"We're no longer in the phase of this historic bull market where everything is going up. It's a time when you have to be MUCH more selective."
That's what TradeStops founder Dr. Richard Smith said in an e-mail earlier this week.
Here at Health & Wealth Bulletin, we've been getting more cautious this year. And just last week, I told my Retirement Trader subscribers, "We want to pare back our risk and stick with 'boring' companies."
Longtime readers know the No. 1 way to protect your portfolio, especially with a bear market on the horizon...
You must have an exit strategy – it's vital to your success.
If you stick to your exit strategy, it can serve as a near-foolproof way to methodically cut your losses and let your winners ride.
One of the best exit strategies is to set stop losses. These are set prices or percentages you use to know exactly when to sell.
Now, you can use a notebook or Excel spreadsheet for keeping track of your exit strategies.
But ask yourself... how well has that strategy worked for you in the past?
If you've missed stops – and later regretted it – I recommend looking at what our friend Richard has built...
Richard developed a great program called TradeStops for keeping track of your exit strategies. There's no better way of tracking your stop losses than with his TradeStops software.
Next Thursday, May 10 at 8 p.m. Eastern time, we're hosting a special presentation with Richard, my colleague Dr. Steve Sjuggerud, and Stansberry Research founder Porter Stansberry. During this event, you'll discover a simple system for always knowing when to buy and sell stocks.
You'll also learn the one action you should take in 2018 to keep the money that you've gained in the stocks you already own... And to protect yourself from a sudden and gut-wrenching decline like we had in 2008.
Q: You talk a lot about proper position sizing... for example, not putting more than 5% of your money in one stock. Does that rule apply to funds? – T.W.
A: In my asset-allocation guide, I explain how to distribute your portfolio among different assets classes – stocks, fixed income, cash, and chaos hedges (like precious metals). Keeping your wealth stored in a diversified mix of investable assets is the key to avoiding catastrophic losses.
But don't forget the importance of position sizing for individual securities. Most of the time, I recommend subscribers put no more than 4%-5% of their portfolio in any one position. Some investments are safe to put more in, and others less. But in general, I prefer the 4%-5% rule.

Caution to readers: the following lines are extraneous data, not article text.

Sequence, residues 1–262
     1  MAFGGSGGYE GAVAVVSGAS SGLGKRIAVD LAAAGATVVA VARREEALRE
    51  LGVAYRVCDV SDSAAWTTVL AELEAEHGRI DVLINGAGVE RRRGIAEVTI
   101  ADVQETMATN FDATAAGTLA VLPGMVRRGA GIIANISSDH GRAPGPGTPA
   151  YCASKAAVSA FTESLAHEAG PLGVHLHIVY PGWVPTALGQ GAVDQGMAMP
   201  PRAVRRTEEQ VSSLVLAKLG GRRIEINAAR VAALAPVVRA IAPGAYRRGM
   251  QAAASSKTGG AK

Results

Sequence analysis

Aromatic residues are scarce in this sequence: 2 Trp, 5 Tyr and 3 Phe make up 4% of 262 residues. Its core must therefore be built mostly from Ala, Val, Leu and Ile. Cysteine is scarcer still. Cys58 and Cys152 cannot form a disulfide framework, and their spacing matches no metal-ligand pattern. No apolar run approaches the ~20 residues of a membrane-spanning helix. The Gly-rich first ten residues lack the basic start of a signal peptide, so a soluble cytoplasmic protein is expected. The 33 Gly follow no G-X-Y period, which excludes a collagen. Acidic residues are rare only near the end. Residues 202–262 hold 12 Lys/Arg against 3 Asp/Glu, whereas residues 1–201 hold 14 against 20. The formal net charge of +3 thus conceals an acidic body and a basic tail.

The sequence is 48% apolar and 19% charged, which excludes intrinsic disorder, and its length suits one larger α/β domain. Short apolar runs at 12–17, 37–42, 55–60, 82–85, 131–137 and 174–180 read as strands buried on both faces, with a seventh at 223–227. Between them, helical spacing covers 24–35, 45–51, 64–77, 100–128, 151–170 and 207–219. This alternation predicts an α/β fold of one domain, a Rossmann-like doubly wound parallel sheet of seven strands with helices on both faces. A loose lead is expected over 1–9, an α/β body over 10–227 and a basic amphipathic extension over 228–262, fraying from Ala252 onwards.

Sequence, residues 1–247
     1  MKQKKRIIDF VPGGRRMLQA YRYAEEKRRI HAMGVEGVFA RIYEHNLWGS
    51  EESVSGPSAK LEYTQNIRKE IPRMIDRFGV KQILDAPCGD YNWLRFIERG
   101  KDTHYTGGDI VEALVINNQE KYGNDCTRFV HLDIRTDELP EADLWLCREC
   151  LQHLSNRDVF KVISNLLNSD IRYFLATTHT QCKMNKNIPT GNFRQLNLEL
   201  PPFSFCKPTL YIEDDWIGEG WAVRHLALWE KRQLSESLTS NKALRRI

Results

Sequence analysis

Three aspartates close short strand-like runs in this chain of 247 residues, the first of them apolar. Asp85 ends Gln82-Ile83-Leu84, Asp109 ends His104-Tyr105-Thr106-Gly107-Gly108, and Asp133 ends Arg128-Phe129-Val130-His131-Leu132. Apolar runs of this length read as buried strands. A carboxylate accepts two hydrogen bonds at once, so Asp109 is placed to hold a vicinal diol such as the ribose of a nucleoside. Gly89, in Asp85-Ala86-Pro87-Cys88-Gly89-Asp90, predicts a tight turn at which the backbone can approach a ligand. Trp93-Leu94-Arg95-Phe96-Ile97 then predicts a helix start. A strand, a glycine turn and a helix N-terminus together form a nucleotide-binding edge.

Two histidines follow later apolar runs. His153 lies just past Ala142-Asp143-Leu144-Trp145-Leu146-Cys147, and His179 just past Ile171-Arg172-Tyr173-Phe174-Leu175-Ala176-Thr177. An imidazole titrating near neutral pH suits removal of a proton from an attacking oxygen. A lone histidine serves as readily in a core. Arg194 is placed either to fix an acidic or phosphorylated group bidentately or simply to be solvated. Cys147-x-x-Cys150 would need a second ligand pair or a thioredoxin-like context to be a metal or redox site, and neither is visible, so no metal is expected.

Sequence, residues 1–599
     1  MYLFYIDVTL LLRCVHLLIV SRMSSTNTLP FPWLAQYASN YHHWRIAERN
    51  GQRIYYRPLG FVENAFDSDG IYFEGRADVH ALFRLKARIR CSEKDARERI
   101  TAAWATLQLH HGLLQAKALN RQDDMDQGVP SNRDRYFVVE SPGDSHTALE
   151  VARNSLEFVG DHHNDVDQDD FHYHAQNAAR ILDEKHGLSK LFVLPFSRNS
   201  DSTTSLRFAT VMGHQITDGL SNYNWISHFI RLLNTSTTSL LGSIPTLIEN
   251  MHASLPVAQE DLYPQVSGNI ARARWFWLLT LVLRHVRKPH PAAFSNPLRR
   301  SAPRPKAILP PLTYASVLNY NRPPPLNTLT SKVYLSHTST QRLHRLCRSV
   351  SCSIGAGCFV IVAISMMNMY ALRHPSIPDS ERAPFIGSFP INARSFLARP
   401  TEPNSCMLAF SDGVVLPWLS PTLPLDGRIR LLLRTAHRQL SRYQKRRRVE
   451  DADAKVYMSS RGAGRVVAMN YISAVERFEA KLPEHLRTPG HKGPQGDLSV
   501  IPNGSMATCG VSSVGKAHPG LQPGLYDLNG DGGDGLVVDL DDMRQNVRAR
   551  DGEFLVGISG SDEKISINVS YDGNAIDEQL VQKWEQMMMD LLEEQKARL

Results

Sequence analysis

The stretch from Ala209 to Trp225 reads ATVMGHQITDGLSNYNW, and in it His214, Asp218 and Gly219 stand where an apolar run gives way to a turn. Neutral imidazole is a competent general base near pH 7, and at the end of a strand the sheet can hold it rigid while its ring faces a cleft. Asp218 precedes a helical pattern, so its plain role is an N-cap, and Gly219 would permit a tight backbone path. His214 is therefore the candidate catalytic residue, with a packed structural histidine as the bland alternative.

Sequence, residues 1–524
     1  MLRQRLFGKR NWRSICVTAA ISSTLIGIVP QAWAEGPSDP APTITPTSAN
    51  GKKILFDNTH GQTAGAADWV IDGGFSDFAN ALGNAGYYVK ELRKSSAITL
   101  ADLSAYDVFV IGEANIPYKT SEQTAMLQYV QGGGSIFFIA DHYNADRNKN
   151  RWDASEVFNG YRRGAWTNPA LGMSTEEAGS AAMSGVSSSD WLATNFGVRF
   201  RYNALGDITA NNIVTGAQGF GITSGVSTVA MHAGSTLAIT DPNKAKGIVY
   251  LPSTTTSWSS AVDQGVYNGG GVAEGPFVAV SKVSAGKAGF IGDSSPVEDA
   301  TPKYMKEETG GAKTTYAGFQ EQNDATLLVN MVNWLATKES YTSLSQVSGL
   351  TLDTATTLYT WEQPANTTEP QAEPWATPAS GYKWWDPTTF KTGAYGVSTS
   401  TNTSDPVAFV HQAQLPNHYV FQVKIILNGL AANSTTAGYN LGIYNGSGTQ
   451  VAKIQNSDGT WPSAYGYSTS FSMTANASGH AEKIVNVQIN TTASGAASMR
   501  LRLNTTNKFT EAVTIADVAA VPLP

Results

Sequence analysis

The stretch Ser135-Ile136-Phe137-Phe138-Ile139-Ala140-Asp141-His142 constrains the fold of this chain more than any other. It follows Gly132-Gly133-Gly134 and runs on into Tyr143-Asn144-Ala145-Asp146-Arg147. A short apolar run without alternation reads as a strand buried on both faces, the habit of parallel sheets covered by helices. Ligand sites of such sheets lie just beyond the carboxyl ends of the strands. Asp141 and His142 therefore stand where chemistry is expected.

In the case of funds, they're already diversified within the class they invest in – they give you instant diversification. And depending on your tolerance for risk from a sector, you could have anywhere from 5% to 20% of your investments in a closed-end fund.
Q: There are lots of stories on the news now of food poisoning cases, like the romaine lettuce story. You'd said to wash your produce with vinegar. Is that still the best way to keep food safe? – M.R.
A: The romaine lettuce issue you mentioned is an E. coli outbreak happening across the U.S. So far they've seen 121 reported cases of illness across 25 states. One in six Americans will suffer from food poisoning this year.
Food poisoning used to be an illness confined to bad food at a bad restaurant. But now, we're seeing more of outbreaks that show these dangerous bacteria have made their way into the foods in our kitchens.
That's why, in this today's Weekly Update video, my research assistant Amanda Cuocci gives you five ways to avoid food poisoning in an effort to lessen your chances of getting ill. You can watch it here.
Q: How would an individual investor ever capture the discount on closed-end funds? You would have to buy all the shares in a fund in order to liquidate it. Even if a big hedge fund did that, it would be really hard for them to sell everything for the alleged NAV. As soon as a large quantity was offered for sale, the prices would drop and that discount would disappear fast. – A.C.
A: That's a great question...
The "NAV" is the net asset value – the total value of a fund's securities (long- and short-term assets) minus the fund's liabilities and then divided by the number of shares outstanding. When I recommend buying a fund at a discount, I'm looking at where the fund is trading in the market – what you could pay per share.
I prefer to invest in funds that are trading at a discount to NAV because that gives us a dollar of assets for less than a dollar.
The fund's board can pass policies that allow the fund to purchase shares of itself in the open market... And like any good investment, what could be better than buying a liquid security (remember, the fund already holds its underlying securities) at 90 cents on the dollar? It's one of the few true "free lunches" in finance.
You can discover if a fund is trading at a discount to its NAV by going to the website CEFConnect.com. It's easy to use... Simply type the fund's ticker symbol into the search box. That will direct you to the fund's main page. You'll find the current NAV (and whether the stock is trading at a discount or premium to its NAV) near the top of the page, under the fund's name.
Are you prepping your portfolio? Let us know what you're doing at [email protected].
What We're Reading...
- Did you miss it? The best way to pick stocks.
- Something different: The gambler who cracked the horse-racing code.
Here's to our health, wealth, and a great retirement,
Dr. David Eifrig and the Health & Wealth Bulletin Research Team
May 4, 2018